I don't like to hit any trail without some sort of machete, but rarely find myself needing a full sized chopper. Most of the trails are usually maintained fairly well, but I often times find myself in a part of a trail with large branches that have fallen or half fallen, that need to be cleared out for safety reasons. Something this size will easily take care of that, without being too cumbersome. If I do decide to make a camp for a day, something this size will be plenty big enough for a small fire to warm up some lunch. Since the trails I find myself can involve very tight spaces, or involve a bit of climbing, I find that a full sized machete on my belt is cumbersome and can easily get hung up on things as I'm moving thru it. My general rule of thumb is that I don't want anything hanging below my knee.

Other advantages so a smaller machete, is that they are easily slipped into a regular backpack or pack, without the need to be strapped to the outside or on my body if I choose to do so. This may not be an issue for some people, but I like to keep a grey man approach whenever possible. Depending on the circumstances wherever I may be, this can be a handy option to have.

Conclusion

All in all, I really like this blade for what it is. A short, light machete, that chops like something a bit bigger. The steel, handle and blade design are all on point. The best part is the price. You can find these floating around for only about $40 online. That's a great bargain in my books. If you are a fan of big blades, or just want something new to play with, check it out.
**Those who live by the sword get shot by those who don't**

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Re: CRKT ChanceInHell machete review

Post by jor-el » Mon Jan 04, 2016 11:02 pm

Thought that blade shape looked... familiar.

The ChanceInHell
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Kershaw Camp 18. Storm Crow did a review sometime back on Youtube.
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Of course, I believe Ken Onion had a hand in designing both.

If you want more blade, try the HalfAChance. Saw this at Wallyworld.
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Re: CRKT ChanceInHell machete review

Post by Sworbeyegib » Tue Jan 05, 2016 12:26 am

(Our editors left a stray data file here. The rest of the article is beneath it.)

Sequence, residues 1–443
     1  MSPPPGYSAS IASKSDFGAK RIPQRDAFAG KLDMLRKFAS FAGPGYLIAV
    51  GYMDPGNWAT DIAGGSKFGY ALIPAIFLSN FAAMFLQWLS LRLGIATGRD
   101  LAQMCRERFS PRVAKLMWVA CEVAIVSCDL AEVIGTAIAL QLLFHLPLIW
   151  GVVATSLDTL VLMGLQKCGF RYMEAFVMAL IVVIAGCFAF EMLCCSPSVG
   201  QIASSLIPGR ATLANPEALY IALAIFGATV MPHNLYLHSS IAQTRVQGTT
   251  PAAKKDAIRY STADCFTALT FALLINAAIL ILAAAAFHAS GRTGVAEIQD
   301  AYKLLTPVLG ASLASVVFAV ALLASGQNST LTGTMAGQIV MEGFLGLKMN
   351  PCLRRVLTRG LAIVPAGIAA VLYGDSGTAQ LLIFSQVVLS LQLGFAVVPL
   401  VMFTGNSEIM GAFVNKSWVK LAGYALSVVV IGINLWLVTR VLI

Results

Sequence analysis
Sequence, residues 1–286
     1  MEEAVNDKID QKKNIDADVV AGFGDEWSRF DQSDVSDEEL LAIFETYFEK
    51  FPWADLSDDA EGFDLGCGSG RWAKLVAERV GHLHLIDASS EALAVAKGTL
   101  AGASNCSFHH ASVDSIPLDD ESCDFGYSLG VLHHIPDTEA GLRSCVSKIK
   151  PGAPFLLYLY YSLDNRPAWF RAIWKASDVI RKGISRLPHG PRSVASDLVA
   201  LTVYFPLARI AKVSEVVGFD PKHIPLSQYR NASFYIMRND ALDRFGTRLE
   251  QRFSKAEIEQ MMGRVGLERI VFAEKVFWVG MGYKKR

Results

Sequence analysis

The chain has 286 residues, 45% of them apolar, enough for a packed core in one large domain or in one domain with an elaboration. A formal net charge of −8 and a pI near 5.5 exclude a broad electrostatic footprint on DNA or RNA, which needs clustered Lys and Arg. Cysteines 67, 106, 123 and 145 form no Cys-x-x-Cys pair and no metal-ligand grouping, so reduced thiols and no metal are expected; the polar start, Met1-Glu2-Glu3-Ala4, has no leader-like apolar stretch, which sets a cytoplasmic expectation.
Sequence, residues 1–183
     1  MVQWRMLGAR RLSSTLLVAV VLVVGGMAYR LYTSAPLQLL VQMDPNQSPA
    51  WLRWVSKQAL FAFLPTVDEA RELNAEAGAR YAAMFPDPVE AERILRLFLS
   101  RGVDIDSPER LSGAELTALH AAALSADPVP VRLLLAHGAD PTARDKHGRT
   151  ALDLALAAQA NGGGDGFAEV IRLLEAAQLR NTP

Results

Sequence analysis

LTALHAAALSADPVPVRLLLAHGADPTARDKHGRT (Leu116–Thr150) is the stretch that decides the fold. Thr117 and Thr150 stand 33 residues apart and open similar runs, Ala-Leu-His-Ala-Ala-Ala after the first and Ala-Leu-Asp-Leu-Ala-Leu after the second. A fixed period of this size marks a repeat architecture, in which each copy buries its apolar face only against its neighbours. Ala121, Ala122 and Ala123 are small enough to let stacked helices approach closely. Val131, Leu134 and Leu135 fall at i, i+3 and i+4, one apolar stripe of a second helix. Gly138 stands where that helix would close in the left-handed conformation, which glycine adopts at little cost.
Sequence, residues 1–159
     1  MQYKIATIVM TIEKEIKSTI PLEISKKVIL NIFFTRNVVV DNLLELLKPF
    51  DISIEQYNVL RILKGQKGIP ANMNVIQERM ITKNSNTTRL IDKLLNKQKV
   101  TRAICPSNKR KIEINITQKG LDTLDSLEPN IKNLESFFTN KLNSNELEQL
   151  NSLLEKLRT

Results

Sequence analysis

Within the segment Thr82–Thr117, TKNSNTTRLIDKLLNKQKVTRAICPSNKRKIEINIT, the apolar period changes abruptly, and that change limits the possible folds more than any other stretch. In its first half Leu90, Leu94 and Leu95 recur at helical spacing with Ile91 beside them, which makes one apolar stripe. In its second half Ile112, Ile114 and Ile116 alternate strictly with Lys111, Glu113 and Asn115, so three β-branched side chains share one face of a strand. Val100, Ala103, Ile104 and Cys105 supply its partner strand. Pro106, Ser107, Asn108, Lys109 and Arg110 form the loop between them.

I remember that review, and have had a chance to handle a couple of those Kershaw camp blades (which I really liked!). But the big difference between those blades, and this one, is the thickness. A little under 1/8" vs 3/16" doesnt sound like much, but in my experience definitely changes the intended purpose of the blade. Under 1/8" still constitutes "machete" territory for me, and is more suitable for cutting thru light brush and branches with little to no fatigue on the arm, and still being able to "flick" the angles enough to exert minimum effort. At 3/16" you are in what I consider "chopper" territory. You can obviously still bushwhack your way thru brush, but the added weight of your blade means it is requiring more effort on your part to both swing, and stop the swing, when hacking thru light stuff that offers little to no resistance. Where big choppers really shine, is for wood processing, and tackling anything more than wrist thickness you may run into. All in my humble opinion of course.
**Those who live by the sword get shot by those who don't**

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Re: CRKT ChanceInHell machete review

Post by Storm Crow » Tue Jan 05, 2016 12:52 am

I like the looks of the two new Onion choppers, but haven't had one in hand. Thanks for the review!

Jor-el - The Kershaw camp series, while I think is well-designed, got a reputation for bad chipping in the early batches. My Camp 18 succumbed to that quite recently, losing a chunk about the size of half a quarter while cutting green live oak. I'll try to get a picture soon. Hopefully, it's been long enough that the new versions have had the issue fixed. If they have solved the issue, it should be an awesome blade, but if not, I have to sadly not recommend them.
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Re: CRKT ChanceInHell machete review

Post by jor-el » Tue Jan 05, 2016 2:24 am

I dimly recall reading online reviews of the Camp 18 to corroborate with Storm Crow's video. Almost bought one but went with a Schrade Schbolo. One guy damaged the blade/handle attachment by throwing it at a tree 50-100 times, sometimes hitting the tree or the ground with the handle.
Other than that quite a scarcity of broken Schbolos.

Storm Crow, you might want to update your video.
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Re: CRKT ChanceInHell machete review

Post by Sworbeyegib » Tue Jan 05, 2016 3:51 am

Thats quite a bummer about that Kershaw. Ive had one in my shopping cart on amazon for awhile now. Ive also been eyeing out that Schrade bolo as well... not that I actually need any more big blades though. I have piles of them that Ive accumulated over the years, and I still go back to using the same 4 or 5 for about 95% of what I use them for.
**Those who live by the sword get shot by those who don't**